We will explain the plastic bag charge (we will give them some bags for life on arrival). We will also explain how to use the self-checkouts.

We’ll show them how to order shopping at supermarkets online– this may be preferable, as they won’t be able to drive, and they can track the running total before buying.


1.6c. What other plans do your group have to support the resettled family during their first few weeks after arrival?

EXAMPLE ANSWER:  Once they feel settled, we will suggest a Person Centred Planning tool (such as the “Planning Alternative Tomorrows with Hope (PATH) framework) to help each family member set long-term goals, and to think creatively about how we can help them to try and achieve those goals.

If the family want, we will slowly introduce them to their neighbours and local community groups. We’ll offer to host a welcome party with the wider group (covid depending) – but only if they would feel comfortable with this. If we do host a party, we can encourage them to get involved in the preparations.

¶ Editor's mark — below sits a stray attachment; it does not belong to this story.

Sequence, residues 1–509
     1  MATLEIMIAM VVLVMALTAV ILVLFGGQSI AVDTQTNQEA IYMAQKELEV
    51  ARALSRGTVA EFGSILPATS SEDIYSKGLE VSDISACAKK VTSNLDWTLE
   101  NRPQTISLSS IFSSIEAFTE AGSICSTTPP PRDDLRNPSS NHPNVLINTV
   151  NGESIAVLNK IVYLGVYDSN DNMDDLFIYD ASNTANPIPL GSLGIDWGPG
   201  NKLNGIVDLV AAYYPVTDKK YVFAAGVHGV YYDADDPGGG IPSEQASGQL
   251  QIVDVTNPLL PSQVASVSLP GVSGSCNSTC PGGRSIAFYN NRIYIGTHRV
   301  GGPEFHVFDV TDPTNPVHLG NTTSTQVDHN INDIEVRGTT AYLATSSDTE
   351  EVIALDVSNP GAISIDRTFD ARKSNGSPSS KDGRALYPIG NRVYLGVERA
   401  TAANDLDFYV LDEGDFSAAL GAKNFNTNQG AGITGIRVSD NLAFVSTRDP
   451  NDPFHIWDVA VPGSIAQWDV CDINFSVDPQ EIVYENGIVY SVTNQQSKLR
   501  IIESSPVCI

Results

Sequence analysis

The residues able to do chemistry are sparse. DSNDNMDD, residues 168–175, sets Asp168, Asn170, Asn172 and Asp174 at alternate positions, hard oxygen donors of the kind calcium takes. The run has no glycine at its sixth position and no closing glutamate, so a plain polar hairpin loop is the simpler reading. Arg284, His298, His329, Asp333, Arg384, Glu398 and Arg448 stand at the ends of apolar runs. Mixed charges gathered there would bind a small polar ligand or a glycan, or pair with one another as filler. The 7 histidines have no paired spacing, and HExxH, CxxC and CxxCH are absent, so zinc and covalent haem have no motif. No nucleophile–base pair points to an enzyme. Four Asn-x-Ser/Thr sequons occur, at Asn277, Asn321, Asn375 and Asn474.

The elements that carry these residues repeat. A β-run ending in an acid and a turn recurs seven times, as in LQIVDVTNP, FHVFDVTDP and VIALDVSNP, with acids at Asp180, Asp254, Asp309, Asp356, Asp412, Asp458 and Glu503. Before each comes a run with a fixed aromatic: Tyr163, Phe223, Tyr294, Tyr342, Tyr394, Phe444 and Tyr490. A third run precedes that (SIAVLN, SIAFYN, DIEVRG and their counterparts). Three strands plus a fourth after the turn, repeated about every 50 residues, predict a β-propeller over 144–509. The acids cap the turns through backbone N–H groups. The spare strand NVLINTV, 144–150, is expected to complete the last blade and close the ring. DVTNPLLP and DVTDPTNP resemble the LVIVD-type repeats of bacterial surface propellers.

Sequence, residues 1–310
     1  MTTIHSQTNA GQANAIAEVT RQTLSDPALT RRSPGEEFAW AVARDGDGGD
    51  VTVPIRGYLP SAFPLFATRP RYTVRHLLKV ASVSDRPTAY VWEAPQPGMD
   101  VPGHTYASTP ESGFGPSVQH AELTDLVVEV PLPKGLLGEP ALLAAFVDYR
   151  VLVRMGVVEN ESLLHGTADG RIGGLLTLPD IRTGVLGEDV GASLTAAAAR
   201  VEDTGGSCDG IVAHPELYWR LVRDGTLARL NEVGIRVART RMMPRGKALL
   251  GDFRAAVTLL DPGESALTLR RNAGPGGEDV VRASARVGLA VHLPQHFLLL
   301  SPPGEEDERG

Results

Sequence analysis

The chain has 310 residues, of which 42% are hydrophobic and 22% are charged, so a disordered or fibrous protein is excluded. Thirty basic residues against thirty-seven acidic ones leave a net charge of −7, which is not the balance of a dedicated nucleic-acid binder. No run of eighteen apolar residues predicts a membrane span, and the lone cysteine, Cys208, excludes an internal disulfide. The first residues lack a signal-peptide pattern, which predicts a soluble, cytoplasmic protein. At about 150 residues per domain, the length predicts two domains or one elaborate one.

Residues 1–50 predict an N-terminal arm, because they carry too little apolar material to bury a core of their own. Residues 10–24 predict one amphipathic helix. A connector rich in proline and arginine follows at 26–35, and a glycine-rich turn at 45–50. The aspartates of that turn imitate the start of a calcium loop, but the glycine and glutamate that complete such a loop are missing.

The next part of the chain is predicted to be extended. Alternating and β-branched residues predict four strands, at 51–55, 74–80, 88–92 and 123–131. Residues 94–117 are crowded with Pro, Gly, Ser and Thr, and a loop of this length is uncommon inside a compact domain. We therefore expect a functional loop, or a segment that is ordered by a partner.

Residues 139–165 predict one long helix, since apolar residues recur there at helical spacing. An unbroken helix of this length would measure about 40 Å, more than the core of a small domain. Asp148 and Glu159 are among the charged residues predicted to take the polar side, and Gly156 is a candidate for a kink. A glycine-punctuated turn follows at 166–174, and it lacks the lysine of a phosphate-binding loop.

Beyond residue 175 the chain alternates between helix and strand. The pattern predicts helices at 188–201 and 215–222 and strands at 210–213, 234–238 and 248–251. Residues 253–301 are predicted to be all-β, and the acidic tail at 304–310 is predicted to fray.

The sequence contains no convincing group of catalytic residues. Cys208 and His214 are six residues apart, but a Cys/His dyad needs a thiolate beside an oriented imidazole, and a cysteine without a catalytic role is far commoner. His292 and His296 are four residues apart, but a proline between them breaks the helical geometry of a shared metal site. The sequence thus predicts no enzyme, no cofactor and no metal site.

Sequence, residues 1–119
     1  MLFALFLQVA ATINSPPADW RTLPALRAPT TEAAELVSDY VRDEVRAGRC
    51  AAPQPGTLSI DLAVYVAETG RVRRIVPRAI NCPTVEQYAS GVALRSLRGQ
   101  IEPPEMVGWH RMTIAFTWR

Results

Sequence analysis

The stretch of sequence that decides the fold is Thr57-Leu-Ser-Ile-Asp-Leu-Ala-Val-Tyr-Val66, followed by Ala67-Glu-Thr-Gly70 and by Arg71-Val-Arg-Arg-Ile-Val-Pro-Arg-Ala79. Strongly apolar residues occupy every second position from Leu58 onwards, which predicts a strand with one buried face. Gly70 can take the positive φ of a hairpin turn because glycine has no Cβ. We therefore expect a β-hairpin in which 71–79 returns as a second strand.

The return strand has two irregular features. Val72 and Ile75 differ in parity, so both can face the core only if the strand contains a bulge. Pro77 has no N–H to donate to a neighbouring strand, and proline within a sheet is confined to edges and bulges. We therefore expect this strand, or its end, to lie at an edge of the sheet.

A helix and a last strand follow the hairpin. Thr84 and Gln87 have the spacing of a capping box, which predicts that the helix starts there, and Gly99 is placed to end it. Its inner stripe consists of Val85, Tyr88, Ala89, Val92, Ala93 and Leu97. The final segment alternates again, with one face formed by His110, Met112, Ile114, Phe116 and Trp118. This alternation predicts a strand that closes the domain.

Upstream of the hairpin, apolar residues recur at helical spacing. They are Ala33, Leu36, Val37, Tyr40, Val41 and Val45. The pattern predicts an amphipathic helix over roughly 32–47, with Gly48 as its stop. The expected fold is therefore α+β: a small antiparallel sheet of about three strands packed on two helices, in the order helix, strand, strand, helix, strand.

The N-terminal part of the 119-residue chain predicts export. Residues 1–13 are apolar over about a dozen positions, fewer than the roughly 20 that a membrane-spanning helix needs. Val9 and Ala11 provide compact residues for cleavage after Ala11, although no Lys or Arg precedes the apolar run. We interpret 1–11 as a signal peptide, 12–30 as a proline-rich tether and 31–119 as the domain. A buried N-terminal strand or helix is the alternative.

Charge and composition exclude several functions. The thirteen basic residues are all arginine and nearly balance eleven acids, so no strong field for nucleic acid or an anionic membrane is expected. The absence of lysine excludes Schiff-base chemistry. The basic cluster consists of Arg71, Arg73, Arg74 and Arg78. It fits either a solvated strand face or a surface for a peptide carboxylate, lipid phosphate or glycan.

Access to neighbourhood and community activities

1.6d. How will your group empower the resettled family to access community groups and activities?      

EXAMPLE ANSWER:  We will find out what their interests are, and we will introduce them to relevant community groups.

There are many activities in our area – including refugee support groups, faith institutions, a children’s centre and sports clubs.

We can offer to accompany them, or introduce them to group members, if this would help them to feel more confident about attending.

We have set aside a small budget to pay for these activities for the first year. In some cases, we can also negotiate discounted fees (while being mindful to respect their privacy and dignity).


Biometric Residence Permits (BRPs)

1.5b Will you ensure that the resettled family receive their BRP cards within one day of your group receiving them? If the BRP cards do not arrive within 7-10 working days, please contact your regional Contact Officer. Please note that this is an essential requirement as set out in the Statement of Requirements for Sponsors.

Yes